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Volare500

Dbag size, how tight is too tight?

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I'm looking at picking up a used rig (first rig) from a regular at my DZ. The price is too good to pass up. A concern I have though, I tried packing the thing, and noticed the dbag just barely contains the main chute. Like it's wanting to burst out of there. Getting the S-fold in the bag wasn't a problem, but getting the elastics around to close it was a bit of a challenge. Mind you I still have very little packing experience at this point and know it's always difficult at first. I've packed a few other rental rigs that were a breeze, but this one put up a fight.

Is this something to be concerned about? The rig was inspected and signed off on by a rigger last May and every year before.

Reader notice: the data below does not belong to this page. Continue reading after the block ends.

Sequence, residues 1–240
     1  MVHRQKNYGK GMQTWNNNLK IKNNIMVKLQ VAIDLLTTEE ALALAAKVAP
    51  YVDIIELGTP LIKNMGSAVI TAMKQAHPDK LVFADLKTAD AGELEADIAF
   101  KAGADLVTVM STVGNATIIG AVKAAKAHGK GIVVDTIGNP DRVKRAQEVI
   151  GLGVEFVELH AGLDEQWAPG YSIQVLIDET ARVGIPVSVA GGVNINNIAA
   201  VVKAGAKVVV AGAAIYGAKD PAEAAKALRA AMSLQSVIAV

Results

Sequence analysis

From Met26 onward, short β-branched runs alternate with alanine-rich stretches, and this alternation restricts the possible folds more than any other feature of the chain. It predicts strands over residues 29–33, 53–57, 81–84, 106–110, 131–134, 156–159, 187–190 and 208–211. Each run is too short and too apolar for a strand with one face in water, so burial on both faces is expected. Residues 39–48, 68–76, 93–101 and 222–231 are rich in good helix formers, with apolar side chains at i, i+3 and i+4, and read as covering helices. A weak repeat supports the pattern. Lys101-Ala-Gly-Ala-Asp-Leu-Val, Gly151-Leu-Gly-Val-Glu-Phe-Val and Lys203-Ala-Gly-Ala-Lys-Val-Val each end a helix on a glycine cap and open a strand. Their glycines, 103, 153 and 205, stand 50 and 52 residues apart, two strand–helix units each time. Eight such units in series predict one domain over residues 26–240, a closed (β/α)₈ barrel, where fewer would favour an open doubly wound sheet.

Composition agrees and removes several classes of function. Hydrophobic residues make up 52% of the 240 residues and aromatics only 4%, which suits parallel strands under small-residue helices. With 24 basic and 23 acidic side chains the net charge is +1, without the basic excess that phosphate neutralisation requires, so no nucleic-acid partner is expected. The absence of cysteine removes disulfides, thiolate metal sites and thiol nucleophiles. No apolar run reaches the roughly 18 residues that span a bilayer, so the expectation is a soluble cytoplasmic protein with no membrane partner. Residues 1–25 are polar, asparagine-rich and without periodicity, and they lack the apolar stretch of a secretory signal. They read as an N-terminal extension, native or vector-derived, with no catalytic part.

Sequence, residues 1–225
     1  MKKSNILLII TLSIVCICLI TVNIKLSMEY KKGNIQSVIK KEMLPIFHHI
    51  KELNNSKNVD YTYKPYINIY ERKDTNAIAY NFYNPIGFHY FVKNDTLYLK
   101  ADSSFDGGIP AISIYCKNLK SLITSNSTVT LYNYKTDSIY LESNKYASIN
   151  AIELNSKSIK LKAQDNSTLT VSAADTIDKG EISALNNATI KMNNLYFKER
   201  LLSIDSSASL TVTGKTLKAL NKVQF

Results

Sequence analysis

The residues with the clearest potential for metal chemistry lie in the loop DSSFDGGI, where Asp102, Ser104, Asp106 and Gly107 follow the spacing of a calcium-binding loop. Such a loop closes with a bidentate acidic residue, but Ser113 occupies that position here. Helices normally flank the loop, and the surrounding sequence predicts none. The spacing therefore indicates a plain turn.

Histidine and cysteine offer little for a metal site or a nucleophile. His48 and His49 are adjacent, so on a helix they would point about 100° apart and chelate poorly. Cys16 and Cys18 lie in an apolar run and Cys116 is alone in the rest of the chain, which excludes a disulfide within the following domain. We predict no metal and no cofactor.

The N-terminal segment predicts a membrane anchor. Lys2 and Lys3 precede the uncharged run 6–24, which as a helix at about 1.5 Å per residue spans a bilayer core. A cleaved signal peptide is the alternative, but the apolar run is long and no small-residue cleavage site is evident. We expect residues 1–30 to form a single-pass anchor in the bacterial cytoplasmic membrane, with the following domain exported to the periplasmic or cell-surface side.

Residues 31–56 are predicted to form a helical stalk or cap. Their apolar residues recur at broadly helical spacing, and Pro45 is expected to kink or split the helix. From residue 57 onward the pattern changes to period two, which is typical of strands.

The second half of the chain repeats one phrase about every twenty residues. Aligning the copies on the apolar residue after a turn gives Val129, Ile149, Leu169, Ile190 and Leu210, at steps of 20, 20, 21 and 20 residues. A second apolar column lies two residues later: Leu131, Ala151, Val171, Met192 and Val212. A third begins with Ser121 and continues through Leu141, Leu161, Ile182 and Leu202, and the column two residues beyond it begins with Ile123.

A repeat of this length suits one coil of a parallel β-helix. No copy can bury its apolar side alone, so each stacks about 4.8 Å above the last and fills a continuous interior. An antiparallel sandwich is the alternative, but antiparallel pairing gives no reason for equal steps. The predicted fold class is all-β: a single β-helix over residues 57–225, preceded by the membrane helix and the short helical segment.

Thoughts?

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Dbag is sized to container and your main should be sized according to container, if the combination is ok (no home rigging!) and you have problems getting everything to fit you need to improve your packing skills...

If your previous experience has been with rentals and you're now packing something newish then 99% it's your packing skills that need brushing.

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There are a couple different makes of equipment that feel this way to me when I pack the recommended max size main into them. The bags just always seem a little smaller than I would like them to be.

Assuming you haven't exceeded the container's capacity, and the d-bag you have is factory original and the same size as the container, I don't think you need to be concerned. You'll develop tricks pretty quickly to manage it better.

Good luck!

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Volare500

Getting the S-fold in the bag wasn't a problem, but getting the elastics around to close it was a bit of a challenge.



As long as you can close it...